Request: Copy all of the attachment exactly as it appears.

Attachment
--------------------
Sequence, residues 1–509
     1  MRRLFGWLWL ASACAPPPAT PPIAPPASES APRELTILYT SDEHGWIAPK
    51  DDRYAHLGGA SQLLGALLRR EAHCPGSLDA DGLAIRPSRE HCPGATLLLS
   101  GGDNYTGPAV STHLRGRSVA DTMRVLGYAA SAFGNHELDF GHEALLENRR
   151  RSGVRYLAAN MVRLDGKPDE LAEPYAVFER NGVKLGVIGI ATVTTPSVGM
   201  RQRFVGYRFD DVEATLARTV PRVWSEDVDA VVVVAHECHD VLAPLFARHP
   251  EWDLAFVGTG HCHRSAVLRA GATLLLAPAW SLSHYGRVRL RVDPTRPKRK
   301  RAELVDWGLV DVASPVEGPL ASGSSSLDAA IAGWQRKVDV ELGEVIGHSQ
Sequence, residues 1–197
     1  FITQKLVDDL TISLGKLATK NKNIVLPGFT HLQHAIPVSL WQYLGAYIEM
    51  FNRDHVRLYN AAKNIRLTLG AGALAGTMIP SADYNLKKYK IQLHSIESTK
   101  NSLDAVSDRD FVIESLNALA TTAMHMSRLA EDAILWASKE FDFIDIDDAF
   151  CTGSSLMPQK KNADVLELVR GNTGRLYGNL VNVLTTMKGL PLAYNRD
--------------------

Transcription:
Sequence, residues 1–509
     1  MRRLFGWLWL ASACAPPPAT PPIAPPASES APRELTILYT SDEHGWIAPK
    51  DDRYAHLGGA SQLLGALLRR EAHCPGSLDA DGLAIRPSRE HCPGATLLLS
   101  GGDNYTGPAV STHLRGRSVA DTMRVLGYAA SAFGNHELDF GHEALLENRR
   151  RSGVRYLAAN MVRLDGKPDE LAEPYAVFER NGVKLGVIGI ATVTTPSVGM
   201  RQRFVGYRFD DVEATLARTV PRVWSEDVDA VVVVAHECHD VLAPLFARHP
   251  EWDLAFVGTG HCHRSAVLRA GATLLLAPAW SLSHYGRVRL RVDPTRPKRK
   301  RAELVDWGLV DVASPVEGPL ASGSSSLDAA IAGWQRKVDV ELGEVIGHSQ
Sequence, residues 1–197
     1  FITQKLVDDL TISLGKLATK NKNIVLPGFT HLQHAIPVSL WQYLGAYIEM
    51  FNRDHVRLYN AAKNIRLTLG AGALAGTMIP SADYNLKKYK IQLHSIESTK
   101  NSLDAVSDRD FVIESLNALA TTAMHMSRLA EDAILWASKE FDFIDIDDAF
   151  CTGSSLMPQK KNADVLELVR GNTGRLYGNL VNVLTTMKGL PLAYNRD